The findings add to evidence that friction at ports is weighing on Britain’s ability to trade following after the nation left the European Union’s common customs system.(Bloomberg photo)
The findings add to evidence that friction at ports is weighing on Britain’s ability to trade following after the nation left the European Union’s common customs system.(Bloomberg photo)

UK companies say Brexit paperwork is biggest headache stressing supply chains

About 38% of exporters and 39% of importers identified form-filling as their main hurdle, according to a survey conducted by the Office for National Statistics.
Bloomberg |
PUBLISHED ON FEB 25, 2021 05:21 PM IST

British companies say new customs forms required following Brexit are the biggest hurdle to trading with the rest of the world, official data show.

About 38% of exporters and 39% of importers identified form-filling as their main hurdle, according to a survey conducted by the Office for National Statistics. While half of exporters reported no difficulties trading internationally, the concerns on paperwork exceeded those about disruption at UK borders and transportation costs.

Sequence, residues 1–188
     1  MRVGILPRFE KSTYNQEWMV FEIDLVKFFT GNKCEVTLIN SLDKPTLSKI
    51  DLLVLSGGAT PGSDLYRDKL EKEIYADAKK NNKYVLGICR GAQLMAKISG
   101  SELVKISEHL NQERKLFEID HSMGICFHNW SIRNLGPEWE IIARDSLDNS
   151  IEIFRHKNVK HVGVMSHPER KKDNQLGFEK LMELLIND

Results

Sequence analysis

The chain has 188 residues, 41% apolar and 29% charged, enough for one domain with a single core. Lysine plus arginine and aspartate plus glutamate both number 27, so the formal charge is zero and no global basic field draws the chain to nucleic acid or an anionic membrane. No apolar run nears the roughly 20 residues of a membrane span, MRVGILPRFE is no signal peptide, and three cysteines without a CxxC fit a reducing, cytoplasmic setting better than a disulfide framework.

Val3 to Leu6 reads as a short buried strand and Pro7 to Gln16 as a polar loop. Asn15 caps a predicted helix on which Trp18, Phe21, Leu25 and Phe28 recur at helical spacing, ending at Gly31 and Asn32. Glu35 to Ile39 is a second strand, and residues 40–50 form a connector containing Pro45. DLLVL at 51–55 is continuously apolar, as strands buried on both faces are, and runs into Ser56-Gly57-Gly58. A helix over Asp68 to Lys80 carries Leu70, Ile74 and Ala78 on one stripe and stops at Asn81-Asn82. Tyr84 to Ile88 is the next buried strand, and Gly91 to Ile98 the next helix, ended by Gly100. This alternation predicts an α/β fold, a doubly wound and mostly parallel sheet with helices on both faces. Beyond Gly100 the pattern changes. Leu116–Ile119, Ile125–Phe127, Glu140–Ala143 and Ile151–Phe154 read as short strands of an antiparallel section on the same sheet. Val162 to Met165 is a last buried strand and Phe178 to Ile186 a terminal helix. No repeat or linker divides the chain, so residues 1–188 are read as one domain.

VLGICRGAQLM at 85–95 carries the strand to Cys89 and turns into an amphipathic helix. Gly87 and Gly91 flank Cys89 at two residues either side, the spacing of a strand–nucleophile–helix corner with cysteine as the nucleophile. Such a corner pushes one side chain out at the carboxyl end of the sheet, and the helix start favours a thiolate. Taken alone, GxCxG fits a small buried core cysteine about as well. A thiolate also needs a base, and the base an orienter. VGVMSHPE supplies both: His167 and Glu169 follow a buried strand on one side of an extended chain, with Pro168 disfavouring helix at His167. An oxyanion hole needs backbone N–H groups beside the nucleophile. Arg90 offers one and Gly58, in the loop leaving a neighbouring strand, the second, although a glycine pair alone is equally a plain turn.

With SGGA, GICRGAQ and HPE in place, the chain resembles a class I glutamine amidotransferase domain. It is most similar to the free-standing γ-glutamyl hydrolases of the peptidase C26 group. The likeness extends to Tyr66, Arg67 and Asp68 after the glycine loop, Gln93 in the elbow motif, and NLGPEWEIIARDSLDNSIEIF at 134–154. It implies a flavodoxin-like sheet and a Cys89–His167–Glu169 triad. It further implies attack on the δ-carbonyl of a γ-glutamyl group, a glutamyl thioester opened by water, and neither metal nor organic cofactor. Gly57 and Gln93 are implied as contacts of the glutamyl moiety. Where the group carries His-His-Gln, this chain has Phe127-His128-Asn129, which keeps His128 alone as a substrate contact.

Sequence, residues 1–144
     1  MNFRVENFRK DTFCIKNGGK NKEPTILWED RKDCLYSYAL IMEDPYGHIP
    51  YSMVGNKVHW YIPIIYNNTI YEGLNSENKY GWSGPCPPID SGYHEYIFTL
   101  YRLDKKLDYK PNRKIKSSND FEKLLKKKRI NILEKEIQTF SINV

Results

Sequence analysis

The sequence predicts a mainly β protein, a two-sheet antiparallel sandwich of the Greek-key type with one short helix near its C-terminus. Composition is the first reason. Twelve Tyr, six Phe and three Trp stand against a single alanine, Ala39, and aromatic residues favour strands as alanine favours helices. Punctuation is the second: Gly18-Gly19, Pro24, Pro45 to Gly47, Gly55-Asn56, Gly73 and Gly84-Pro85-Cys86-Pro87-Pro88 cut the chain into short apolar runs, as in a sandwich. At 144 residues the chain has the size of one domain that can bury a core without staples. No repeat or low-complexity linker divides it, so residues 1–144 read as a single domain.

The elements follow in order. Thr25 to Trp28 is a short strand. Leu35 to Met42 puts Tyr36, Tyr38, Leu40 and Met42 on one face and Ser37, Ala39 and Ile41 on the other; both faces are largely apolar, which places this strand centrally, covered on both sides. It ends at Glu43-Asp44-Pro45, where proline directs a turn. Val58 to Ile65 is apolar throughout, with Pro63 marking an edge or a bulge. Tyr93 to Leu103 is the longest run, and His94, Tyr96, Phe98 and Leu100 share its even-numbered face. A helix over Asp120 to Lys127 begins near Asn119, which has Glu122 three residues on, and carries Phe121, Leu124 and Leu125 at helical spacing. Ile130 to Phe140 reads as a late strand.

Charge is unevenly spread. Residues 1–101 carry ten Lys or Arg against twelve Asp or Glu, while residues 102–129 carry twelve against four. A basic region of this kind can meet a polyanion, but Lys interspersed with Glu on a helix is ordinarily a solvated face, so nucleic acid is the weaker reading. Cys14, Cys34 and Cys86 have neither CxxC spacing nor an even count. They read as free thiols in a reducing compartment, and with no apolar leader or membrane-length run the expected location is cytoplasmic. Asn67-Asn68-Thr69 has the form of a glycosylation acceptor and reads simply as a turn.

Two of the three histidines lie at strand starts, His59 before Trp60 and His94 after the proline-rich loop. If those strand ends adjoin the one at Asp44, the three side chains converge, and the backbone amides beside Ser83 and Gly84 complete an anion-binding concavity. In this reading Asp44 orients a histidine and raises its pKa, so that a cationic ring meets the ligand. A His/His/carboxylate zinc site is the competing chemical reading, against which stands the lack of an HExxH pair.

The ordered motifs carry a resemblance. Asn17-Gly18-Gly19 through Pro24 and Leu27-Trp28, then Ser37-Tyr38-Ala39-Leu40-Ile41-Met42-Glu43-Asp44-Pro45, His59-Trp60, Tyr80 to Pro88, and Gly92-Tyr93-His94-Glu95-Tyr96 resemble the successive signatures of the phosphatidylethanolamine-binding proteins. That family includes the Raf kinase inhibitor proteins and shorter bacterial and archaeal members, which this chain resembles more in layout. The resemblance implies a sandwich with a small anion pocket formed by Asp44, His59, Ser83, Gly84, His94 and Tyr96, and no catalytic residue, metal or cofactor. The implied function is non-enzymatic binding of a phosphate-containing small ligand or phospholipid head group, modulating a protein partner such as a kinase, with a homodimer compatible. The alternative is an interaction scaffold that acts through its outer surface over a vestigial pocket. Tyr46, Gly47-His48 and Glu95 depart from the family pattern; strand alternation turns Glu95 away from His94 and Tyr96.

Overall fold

The findings add to evidence that friction at ports is weighing on Britain’s ability to trade following after the nation left the European Union’s common customs system. Importers are warning they face even more red tape when new regulations come into force in April and July.

Almost a third of the companies moving goods from Britain to Northern Ireland, in the past two weeks, almost a third said volumes had fallen.

Separate research by the Chartered Institute of Procurement and Supply found that more than half of companies reported longer delays since the start of the year. Those totaled at least two to three days for imports.

“Delays are continuing to get longer, putting more and more pressure on the UK’s supply chains,” said John Glen, an economist for CIPS. “The knock-on impact of these delays will trickle far down the supply chain and ultimately result in stock shortages and inflated prices for consumers.”


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